The last article I wrote in this series on acne took you through the four major types, or “grades” of acne that have been identified by experts. At this stage you will have a good idea of where you stand—how severe your personal acne problem is. Now, we will delve a more deeply into the acne problem. Why do some people get acne, when others don’t? Why is your acne so bad, when other people just have mild acne?
There are many contributing factors to consider.
Generally speaking, your acne is caused by dead skin cells that clump together and form themselves into a plug clogging up your pores. The swelling is caused by normal oil production in your skin, which continues after the pore gets blocked. But since the oil cannot be secreted from your skin through the pore the way it normally is, the oil gets trapped by the clog.
There are a few possible reasons why this may happen in your skin. Let us examine them together:
Levels of hormones in your body may be causing the sebaceous glands in your skin, the glands that produce oil, to become more active. This is a common cause of acne among teenagers, and some people in their early twenties. Hormonal changes related to a woman’s menstrual cycle, or pregnancy, may also cause this type of problem.
This is related to the hormone issue. In addition to oil, the sebaceous glands in your skin also produce a substance called sebum. Sebum makes dead skin cells bond together more easily, so that your pores are more likely to become clogged.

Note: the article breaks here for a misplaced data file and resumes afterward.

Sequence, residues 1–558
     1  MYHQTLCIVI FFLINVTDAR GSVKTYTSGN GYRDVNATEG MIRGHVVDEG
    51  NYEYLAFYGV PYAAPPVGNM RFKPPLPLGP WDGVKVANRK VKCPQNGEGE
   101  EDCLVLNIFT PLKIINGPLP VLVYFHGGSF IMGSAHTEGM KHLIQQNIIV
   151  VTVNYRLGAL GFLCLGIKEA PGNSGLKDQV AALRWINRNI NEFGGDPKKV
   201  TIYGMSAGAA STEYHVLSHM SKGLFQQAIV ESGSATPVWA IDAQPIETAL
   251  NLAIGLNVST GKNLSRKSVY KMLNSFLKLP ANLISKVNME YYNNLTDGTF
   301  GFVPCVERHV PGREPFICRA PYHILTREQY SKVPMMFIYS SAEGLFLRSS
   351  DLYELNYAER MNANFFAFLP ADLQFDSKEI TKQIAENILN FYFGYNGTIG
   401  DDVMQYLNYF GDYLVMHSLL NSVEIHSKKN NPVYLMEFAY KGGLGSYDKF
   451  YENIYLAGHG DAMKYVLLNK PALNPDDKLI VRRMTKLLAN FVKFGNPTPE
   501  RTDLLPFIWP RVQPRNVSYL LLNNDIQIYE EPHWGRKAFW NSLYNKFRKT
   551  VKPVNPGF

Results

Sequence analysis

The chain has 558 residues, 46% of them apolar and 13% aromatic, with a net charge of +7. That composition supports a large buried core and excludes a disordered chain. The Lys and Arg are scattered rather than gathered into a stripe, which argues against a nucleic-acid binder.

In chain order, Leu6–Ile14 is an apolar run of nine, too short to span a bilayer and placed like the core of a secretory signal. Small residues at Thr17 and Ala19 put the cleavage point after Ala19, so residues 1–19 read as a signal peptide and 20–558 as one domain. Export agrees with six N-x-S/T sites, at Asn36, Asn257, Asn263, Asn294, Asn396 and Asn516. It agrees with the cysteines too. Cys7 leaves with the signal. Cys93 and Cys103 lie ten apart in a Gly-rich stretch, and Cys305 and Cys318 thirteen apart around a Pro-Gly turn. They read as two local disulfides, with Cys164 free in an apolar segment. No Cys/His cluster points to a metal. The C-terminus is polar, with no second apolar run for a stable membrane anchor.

Increased Skin Shedding
Another problem very closely related to puberty, but which can also affect you at other stages of life, is increased skin shedding. Your skin always creates new layers and sheds the old layers, and this should be a gradual process; but sometimes it can start to happen more quickly. When your skin sheds quickly, the build up of dead cells is more likely to create clogs, causing an acne problem.
Let me say one thing right off, bacteria on your skin is perfectly normal. But when you have clogged pores, bacteria on your skin gets more active, and is able to reproduce more easily. Add to this that the bacteria is clogged inside the pore instead of sloughing off with dead skin like it should in normal circumstances, and you have a major problem.
When your body senses the build up of bacteria in your pores, your immune system automatically sends out white blood cells to attack the bacteria and kill it. These white blood cell become part of the pus that you hate so much to see on your face, and it also contributes to the swelling.
So now you know how your problem with acne was caused. We’re learning a lot here, and this information is going to help you greatly in knowing how to deal with your acne. Join me in the next article in our series; it will deal with some common myths about acne, which confuse a lot of people.Read Details